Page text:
How to Be Single
Think of "How to Be Single" as a cinematic Whitman’s Sampler: There are enough pieces that work to offset the pieces that don’t.
"The Omen" is a faithful remake of the 1976 film, and that's a relief; it depends on characters and situations and doesn't go berserk with visuals. In an age of effects run wild, what would a "contemporary" remake look like? No doubt lightning would zap from little Damien's ears, and his mother would not merely topple from a balcony but spin down to the bowels of the Earth.
The story outline is as before: Worried astro-theologians in Vatican City ponder the meaning of comets in the heavens and upheavals on Earth, and an American diplomat and his wife have a baby boy in a Rome hospital. They are told the child has died, and the husband is urged by a sinister doctor to substitute a baby born the same day to an unwed mother. He agrees, keeps this a secret from his wife, and together they raise Damien, of whom it can be said that if he were made of snips and snails and puppy-dog tails, it would be an improvement.
The parents are Robert and Katherine Thorn (Liev Schreiber and Julia Stiles). After his boss' tragic death, the way becomes clear for Robert to become the American ambassador to Great Britain. Since he is the godson of the president, it is all too clear that Damien's path ahead is preordained: He could become president and hasten Armageddon. I suppose there also will be remakes of "Damien: Omen II" (1978) and "Omen III: The Final Conflict" (1981), although after the Final Conflict, "Omen IV: The Awakening" (1991) did not seem urgently required.
The most shocking scene in the 1976 movie was set at Damien's garden party, when his nanny cried out to him from the roof of the ambassador's mansion, jumped off with a rope around her neck and hanged herself. In this remake, when the replacement nanny turns up, a chuckle runs through the audience: She is Mrs. Baylock, played by Mia Farrow, who as Rosemary also had a baby not destined to become a Gerber's model.
Enough of the plot. Let us consider instead the genre of theological sensationalism. I've observed before that when it comes to dealing with demons and suchlike, Roman Catholics have the market cornered. Preachers of other faiths can foam and foment all they want about satanic cults, but when it comes to knowing the ground rules and reading ominous signs, what you want at the bedside is a priest who knows his way around an exorcism.
"The Omen" begins in the Vatican Observatory, where the heavens are seen to fulfill prophecy by placing a star above Rome on the night of Damien's birth, just as there was a star above Bethlehem when Jesus was born. That the Antichrist gets his own star makes you wonder who's running the heavens, but never mind.
The pope is informed, and his advisers add up the signs: The Jews have returned to the land of Zion, there are tumults of the earth and sea, and in a parallel I think needs a lot of looking into, the Common Market is an ominous portent. The film opens with a montage of such pre-apocalyptic events as the collapsing Trade Center, Hurricane Katrina and the 2004 tsunami; perhaps the haste with which "The Omen" incorporates real-life tragedy into a horror movie is also a sign that the end is near.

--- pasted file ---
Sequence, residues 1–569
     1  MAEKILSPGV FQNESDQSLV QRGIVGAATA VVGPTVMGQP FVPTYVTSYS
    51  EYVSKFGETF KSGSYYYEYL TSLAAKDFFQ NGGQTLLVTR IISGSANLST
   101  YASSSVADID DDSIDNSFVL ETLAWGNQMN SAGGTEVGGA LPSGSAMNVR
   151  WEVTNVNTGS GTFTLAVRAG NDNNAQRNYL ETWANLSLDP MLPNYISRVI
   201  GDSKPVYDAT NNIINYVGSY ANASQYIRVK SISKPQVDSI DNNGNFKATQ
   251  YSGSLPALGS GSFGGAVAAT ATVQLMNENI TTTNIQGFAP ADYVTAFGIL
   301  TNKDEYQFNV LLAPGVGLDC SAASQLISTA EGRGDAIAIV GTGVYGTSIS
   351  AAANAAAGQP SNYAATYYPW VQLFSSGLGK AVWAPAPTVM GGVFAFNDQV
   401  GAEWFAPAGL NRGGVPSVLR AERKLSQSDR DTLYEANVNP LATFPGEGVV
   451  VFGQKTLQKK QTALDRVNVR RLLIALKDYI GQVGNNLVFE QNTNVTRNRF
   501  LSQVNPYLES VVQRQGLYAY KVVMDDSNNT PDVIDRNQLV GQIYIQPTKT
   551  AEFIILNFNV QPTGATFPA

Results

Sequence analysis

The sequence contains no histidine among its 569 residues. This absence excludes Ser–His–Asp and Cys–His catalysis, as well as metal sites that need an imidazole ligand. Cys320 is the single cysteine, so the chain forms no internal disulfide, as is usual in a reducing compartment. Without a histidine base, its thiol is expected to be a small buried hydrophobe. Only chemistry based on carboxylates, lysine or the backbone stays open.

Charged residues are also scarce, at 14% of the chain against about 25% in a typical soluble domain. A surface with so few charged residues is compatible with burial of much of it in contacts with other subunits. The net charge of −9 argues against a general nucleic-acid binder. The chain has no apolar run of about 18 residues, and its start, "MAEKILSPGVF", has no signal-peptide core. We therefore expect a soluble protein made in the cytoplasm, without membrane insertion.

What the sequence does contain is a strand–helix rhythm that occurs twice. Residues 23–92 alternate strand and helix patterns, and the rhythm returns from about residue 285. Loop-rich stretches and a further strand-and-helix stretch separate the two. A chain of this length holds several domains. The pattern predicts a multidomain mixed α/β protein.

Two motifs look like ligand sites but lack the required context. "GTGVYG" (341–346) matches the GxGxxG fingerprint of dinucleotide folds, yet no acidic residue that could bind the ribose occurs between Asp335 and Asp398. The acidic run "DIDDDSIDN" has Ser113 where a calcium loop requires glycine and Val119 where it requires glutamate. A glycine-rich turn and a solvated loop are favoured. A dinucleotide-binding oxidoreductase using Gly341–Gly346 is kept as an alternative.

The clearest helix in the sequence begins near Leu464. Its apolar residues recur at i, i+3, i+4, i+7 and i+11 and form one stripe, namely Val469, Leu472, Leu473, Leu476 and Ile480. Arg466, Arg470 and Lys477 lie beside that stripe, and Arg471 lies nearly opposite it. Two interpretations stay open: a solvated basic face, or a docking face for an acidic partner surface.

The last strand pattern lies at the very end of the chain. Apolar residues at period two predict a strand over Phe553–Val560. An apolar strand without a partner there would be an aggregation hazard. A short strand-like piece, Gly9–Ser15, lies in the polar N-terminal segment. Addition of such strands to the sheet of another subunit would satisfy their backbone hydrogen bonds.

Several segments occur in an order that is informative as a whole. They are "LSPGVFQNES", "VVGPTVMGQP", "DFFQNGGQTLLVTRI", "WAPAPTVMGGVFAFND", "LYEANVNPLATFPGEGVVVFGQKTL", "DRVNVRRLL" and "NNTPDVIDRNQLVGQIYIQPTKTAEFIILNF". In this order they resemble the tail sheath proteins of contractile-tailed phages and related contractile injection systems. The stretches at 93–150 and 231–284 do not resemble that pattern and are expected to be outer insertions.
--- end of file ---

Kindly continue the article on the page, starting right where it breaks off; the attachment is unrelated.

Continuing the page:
Father Brennan (Peter Postlethwaite) is the point man for the Catholics, breathlessly bursting into Robert's office to warn him that "the child must die!" What child? "Your son, Mr. Thorn! The son of the devil!" Father Brennan must have skipped class at the seminary during the sessions on pastoral counseling techniques. He does not make an impressive appearance, looking less like a messenger of truth and more like he has a problem with the sacramental wine.
Other events conspire to convince Robert that Damien is a peculiar child, something his wife has suspected from the first, and especially after the kid uses his scooter to knock her off a balcony and smiles as she falls to the marble floor far below. There is also the matter of the paparazzo (David Thewlis), whose photographs turn up so many hidden images we could possibly reconstruct "Blow-Up" from them.
The two men visit a remote monastery that can be reached only by rowboat (here, with the lonely lake covered in mist, we are getting some visual effects, but lovely ones). There they meet an old priest so close to death that the Grim Reaper would be an improvement, and the trail leads on to a demonologist (Michael Gambon, in full wretched decadence mode). Before long, they're opening graves and making you wonder what the standards are for coroners in the area.
All of this is done with mood and style by director John Moore ("Behind Enemy Lines"), who knows that the story itself is engrossing enough that we don't need "X-Men" stuff in the visuals. Liev Schreiber is, I think, a good choice for Ambassador Thorn; he is readier to fear the worst than Gregory Peck, who played the role in 1976. Mia Farrow is never creepier than when she's at her most sweetly reassuring. Julia Stiles has a difficult role; how can a mother want her own child dead, even if he is the Antichrist? I guess that's a question that answers itself.
The British character actors (Thewlis, Gambon, Postlethwaite) bring so much creepy atmosphere onto the screen that they could have walked right over from the matinee performance of "Nosferatu." It was George Orwell who said, "At 50, everyone has the face he deserves." We can only marvel at what they must have done to deserve theirs.
This message came to me from a reader named Peter Svensland. He and a fr...
A peculiar film, poised somewhere between satire and dream logic.
A piece on the American experience reflected through four films at the Sundance Film Festival by an Ebert Fellow.
FFC Gerardo Valero reports on his experience working as an extra on "Spectre."